Surrealism and Magic – Venice

The ladies steal the show…..

A brand new exhibition opens at The Guggenheim on Saturday, 9th April. It’s a lovingly assembled collection of paintings and sculpture curated by Grazina Subelyte. Each element of the show has been carefully selected and precisely positioned to deliver a powerful and fascinating journey into the world of ‘Surrealism’.

The event is called ‘Surrealism and Magic’.

Dorothea Tanning – The Magic Flower Game (1941)

After the horrors, death and destruction of the First World War, philosopher and poet Andre Breton published the ‘Surrealist Manifesto’ proposing a new way of thinking that combined reality and imagination. It was a way of thinking and creating that embraced both the conscious and the subconscious mind. The surrealist artists believed in crossing traditional boundaries creating fantastical creatures, strange and sometimes disturbing scenes and exploring the depths of the human mind. These artists were also influenced by Sigmund Freud and his work on the unconscious mind. From an artistic point of view Surrealism encouraged a freeing of the mind from rational values and constraints as well as any moral or aesthetic judgement. Famous surrealist artists included Pablo Picasso, Salvador Dali, Max Ernst, Leonora Carrington, Dorothea Tanning, Remedios Varo, Leonor Fini, Rene Magritte and Yves Tanguy.

In the early years of the Surrealist movement Peggy Guggenheim enters the story. Peggy was a wealthy American heiress and collector. She opened art galleries in London, Paris and New York before settling finally in Venice in the late 1940s. Peggy was an enthusiastic and voracious supporter of both surrealist and abstract art. She encouraged and financed many contemporary artists. Peggy wrote, …….My motto was Buy a picture a day and I lived up to it……..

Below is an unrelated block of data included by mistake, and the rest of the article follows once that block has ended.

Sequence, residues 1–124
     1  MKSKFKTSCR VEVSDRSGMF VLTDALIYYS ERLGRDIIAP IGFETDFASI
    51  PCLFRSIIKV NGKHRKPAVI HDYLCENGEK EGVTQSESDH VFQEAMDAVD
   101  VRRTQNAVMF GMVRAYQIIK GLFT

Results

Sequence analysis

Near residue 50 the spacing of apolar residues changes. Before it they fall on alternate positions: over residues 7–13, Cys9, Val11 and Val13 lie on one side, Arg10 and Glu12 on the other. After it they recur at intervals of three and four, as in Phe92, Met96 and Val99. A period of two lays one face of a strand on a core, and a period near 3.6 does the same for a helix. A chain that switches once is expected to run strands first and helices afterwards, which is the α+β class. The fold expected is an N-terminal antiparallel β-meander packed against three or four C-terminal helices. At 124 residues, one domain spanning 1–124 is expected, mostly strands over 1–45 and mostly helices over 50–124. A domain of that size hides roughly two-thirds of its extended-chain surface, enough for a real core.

Peggy Guggenheim was a friend and supporter of numerous artists including Max Ernst, Rene Magritte, Yves Tanguy and Pablo Picasso. At an event in New York she famously wore two different earrings, one designed by Alexander Calder and one by Yves Tanguy to demonstrate that she appreciated and enjoyed both abstract (Calder) and surrealist (Tanguy) art. Peggy Guggenheim was a pivotal force in the surrealist art world of the 30s and 40s.

The Guggenheim exhibition skilfully displays paintings from Peggy’s private collection with art works borrowed from private and public collections. Max Ernst and Leonora Carrington feature strongly in the show. Peggy had a strong bond with Ernst, to whom she was briefly married in the 40s. The personal relationships between the artists were as surreal as their paintings. Leonora Carrington and Max Ernst were passionately involved for about a decade, they met in Paris and lived together in rural France. When war clouds darkened Europe in the early 40s and France was occupied Max Ernst and Peggy Guggenheim fled to New York and Leonora Carrington was left behind. Several years later Ernst met and married Dorothea Tanning – a young, beautiful and accomplished artist also featured in the exhibition (The Magic Flower Game) – photo above.

Leonora Carrington – multi-layered, vignette style painting populated by bizarre & incredible characters

I’m a great fan of Leonora Carrington and I have been since The Tate Liverpool put on a big exhibition of her work in 2015. For me the ‘Surrealism and Magic’ exhibition at The Guggenheim is infused with Carrington from start to finish. Firstly there are several works by Max Ernst, who was Carrington’s lover and mentor in the 1930s. Next there’s the spectacular ‘Cat Woman’ sculpture that dominates a single room, dwarfing all else.